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Are you looking for focus-improving exercises to gain control over your thoughts? What exercises do Sharma recommend in his book The Monk Who Sold His Ferrari?
In Robin Sharma’s famous book The Monk Who Sold His Ferrari, the main character John learns from Julian how to control his thoughts. Julian explains three practices: The heart of the rose, opposition thinking, and visualization.
Here’s the explanations of Julian’s exercises along with further analysis and examples.
John Learns Exercises to Improve His Focus
While listening to Julian, John confesses that he has little control over his own thoughts these days. He’s stressed, and he feels like he’s constantly pulled by one task after another.
Julian agrees with John’s assessment, and he says that the mind is like a muscle: You have to exercise to make it stronger. He promises that a single month of dedicated effort will be enough for John to see huge changes in his life—just 10 minutes a day spent meditating on his current circumstances, how he’ll make the next day better, and his purpose in life is enough to start. Also, Julian mentions that the less John worries about results, the faster he’ll get them.
Julian repeats the one-month timeframe, and this time adds that John can start by taking small steps (like meditating for just 10 minutes each day). Small steps leading to big outcomes is another lesson that you’ll see in many different schools of thought; therefore, it’s something that people with a wide variety of backgrounds and ways of thinking can all agree on. In Minimalism, the authors repeatedly stress that making small improvements each day will lead to the happy, fulfilling life that you want. The famous proverb “A journey of a thousand miles begins with a single step” comes from the Tao Te Ching, a core book of Taoism. In Chapter 9 of the book, Sharma himself will discuss kaizen: the practice of making daily, incremental improvements.
Here are Julian’s focus-improving exercises:
Exercise #1: The Heart of the Rose
John asks for practical techniques that he can use, so Julian teaches him a meditation technique called the Heart of the Rose. You can do this exercise yourself, with nothing but a rose and a quiet space.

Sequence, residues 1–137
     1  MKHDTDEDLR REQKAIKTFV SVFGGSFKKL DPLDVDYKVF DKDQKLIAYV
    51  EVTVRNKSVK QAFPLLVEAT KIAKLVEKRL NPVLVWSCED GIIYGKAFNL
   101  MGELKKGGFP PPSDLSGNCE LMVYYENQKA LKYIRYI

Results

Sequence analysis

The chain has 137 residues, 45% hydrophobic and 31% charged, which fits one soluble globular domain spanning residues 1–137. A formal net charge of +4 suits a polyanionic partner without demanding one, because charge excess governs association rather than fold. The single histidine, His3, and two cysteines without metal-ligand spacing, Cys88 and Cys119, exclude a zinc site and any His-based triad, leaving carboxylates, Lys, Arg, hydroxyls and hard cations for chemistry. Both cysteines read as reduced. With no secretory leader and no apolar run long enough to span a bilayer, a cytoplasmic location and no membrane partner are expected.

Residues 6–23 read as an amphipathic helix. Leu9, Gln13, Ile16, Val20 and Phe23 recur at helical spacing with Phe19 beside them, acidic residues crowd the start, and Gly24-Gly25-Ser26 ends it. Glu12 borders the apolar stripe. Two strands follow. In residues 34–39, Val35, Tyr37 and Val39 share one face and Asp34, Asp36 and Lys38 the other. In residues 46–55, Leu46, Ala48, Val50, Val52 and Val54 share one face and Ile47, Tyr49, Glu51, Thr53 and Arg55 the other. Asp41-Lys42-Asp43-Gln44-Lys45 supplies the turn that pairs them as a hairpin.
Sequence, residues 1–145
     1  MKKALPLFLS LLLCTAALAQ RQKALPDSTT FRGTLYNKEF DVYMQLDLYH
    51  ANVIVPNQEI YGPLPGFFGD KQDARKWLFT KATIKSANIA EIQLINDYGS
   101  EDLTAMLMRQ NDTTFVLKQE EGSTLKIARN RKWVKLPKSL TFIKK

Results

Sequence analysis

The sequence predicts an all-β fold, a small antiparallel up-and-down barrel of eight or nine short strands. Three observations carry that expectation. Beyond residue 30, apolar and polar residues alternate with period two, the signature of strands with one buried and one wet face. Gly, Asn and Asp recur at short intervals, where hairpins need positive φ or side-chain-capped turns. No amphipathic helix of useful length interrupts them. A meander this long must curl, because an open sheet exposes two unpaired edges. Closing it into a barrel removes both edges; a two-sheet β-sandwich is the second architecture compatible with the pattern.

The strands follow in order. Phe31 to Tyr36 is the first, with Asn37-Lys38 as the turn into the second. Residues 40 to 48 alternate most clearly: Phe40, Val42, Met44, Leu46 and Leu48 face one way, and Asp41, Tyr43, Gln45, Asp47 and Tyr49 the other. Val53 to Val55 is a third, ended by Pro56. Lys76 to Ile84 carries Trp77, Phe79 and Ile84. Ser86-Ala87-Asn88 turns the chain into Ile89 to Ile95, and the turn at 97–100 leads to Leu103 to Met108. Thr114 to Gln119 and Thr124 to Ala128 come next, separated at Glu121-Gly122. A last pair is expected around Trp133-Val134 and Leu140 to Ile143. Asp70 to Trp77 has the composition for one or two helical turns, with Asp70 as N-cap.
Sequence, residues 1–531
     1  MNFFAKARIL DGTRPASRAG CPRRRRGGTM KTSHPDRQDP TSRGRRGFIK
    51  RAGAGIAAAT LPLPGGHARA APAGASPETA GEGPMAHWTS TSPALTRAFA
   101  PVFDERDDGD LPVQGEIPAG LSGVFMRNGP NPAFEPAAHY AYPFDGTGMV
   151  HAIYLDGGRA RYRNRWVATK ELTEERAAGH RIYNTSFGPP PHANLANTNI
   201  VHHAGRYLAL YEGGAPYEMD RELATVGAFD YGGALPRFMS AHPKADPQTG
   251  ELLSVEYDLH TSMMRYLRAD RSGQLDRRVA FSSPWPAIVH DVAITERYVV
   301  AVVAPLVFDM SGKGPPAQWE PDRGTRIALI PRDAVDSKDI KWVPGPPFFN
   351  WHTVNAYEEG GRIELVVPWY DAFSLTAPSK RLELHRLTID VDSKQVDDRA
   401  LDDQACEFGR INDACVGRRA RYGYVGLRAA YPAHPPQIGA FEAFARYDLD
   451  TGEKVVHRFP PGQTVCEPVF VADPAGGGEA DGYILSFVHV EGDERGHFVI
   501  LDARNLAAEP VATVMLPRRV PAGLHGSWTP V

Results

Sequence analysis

Take your rose and stare at the center of the flower. Think of nothing but the rose. Notice its color, shape, scent, and even its texture.
Other thoughts will intrude at first. Accept them, and return your attention to the rose. With practice, those intrusive thoughts will come less frequently, and eventually stop completely as you strengthen your mind and your focus.
|The Heart of the Rose is Sharma’s take on the classic candle meditation. In a candle meditation, you light a candle and stare at it. While doing this, you focus completely on the candle’s flame; any thoughts that aren’t related to observing the candle should be acknowledged, and then immediately dismissed. Over time, you should find that fewer and fewer thoughts intrude on your meditation. Whether you’re looking at a flower or a candle flame, the purpose is to practice focusing on a single thing while shutting out unrelated thoughts.|
Exercise #2: Opposition Thinking
A second powerful technique Julian teaches John is Opposition Thinking: Whenever a negative thought occupies your mind, dismiss that thought and replace it with a positive one. It’s a simple exercise, but it requires persistence and vigilance to be effective. Try not to let even a single negative thought take root in your mind.